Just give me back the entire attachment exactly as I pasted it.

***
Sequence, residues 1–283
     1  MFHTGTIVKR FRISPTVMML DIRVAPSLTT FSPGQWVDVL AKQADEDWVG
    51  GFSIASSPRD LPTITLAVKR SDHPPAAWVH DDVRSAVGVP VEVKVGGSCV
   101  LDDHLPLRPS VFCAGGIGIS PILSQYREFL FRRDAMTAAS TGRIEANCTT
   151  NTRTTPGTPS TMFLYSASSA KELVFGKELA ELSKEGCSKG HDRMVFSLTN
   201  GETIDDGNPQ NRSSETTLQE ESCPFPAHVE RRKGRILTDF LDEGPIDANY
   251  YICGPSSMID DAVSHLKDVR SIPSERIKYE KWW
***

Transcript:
Sequence, residues 1–283
     1  MFHTGTIVKR FRISPTVMML DIRVAPSLTT FSPGQWVDVL AKQADEDWVG
    51  GFSIASSPRD LPTITLAVKR SDHPPAAWVH DDVRSAVGVP VEVKVGGSCV
   101  LDDHLPLRPS VFCAGGIGIS PILSQYREFL FRRDAMTAAS TGRIEANCTT
   151  NTRTTPGTPS TMFLYSASSA KELVFGKELA ELSKEGCSKG HDRMVFSLTN
   201  GETIDDGNPQ NRSSETTLQE ESCPFPAHVE RRKGRILTDF LDEGPIDANY
   251  YICGPSSMID DAVSHLKDVR SIPSERIKYE KWW